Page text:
This study examined the possibility that the postischemic mechanical depression observed in the 'stunned' myocardium is a result of an alteration in the control of intracellular calcium. Regional myocardial stunning was produced in five open-chest dogs by eight to twelve 5-minute occlusions of the left anterior descending coronary artery, alternated with 10-minute reflow periods and followed by a final 60-minute period of reperfusion. Systolic segment shortening in the postischemic zone, measured by sonomicrometry, fell from 14.9% at baseline to -1.1% at the end of reperfusion. Sarcoplasmic reticulum isolated from stunned myocardium demonstrated a 17% reduction in oxalate-supported 45Ca2+ transport compared with sarcoplasmic reticulum from normal myocardium (0.93 vs. 1.12 μmol Ca2+/mg protein/min, p <0.005). There was also a 20% decrease in the maximal activation by Ca2+ of the sarcoplasmic reticulum Ca2+,Mg2+-ATPase (2.46 vs. 1.96 μmol P(i)/mg protein/min, p <0.005), and a downward shift in the Ca2+-activation curve of the Ca2+,Mg2+-ATPase. These results indicate that myocardial stunning is associated with damage to the calcium-transport system of the sarcoplasmic reticulum. Altered intracellular control may contribute to the inabillity of the stunned heart to maintain normal mechanical function.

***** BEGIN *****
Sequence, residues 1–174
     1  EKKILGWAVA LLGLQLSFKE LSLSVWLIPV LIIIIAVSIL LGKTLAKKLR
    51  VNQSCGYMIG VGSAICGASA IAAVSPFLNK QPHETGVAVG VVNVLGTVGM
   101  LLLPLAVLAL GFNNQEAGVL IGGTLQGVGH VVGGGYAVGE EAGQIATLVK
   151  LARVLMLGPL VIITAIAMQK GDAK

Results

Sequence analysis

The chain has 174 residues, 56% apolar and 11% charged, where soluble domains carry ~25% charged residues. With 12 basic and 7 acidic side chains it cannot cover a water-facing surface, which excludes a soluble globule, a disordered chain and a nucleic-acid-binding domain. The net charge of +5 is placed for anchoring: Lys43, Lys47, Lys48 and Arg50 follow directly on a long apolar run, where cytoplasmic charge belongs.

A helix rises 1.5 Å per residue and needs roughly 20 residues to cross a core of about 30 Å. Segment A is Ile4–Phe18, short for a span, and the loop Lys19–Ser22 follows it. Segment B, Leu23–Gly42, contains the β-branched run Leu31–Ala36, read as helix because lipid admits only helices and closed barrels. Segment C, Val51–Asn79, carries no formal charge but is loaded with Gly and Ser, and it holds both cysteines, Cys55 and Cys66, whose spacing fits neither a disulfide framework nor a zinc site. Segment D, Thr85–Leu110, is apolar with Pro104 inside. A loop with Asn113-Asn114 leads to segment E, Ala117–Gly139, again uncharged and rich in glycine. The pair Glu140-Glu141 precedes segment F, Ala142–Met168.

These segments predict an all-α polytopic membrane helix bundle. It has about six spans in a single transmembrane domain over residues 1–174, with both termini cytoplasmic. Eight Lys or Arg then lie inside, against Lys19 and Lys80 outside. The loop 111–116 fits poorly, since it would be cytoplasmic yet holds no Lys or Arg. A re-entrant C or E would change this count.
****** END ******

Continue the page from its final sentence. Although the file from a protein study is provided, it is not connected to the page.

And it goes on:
|Original language||English (US)|
|Number of pages||5|
|Publication status||Published - 1989|
ASJC Scopus subject areas
- Cardiology and Cardiovascular Medicine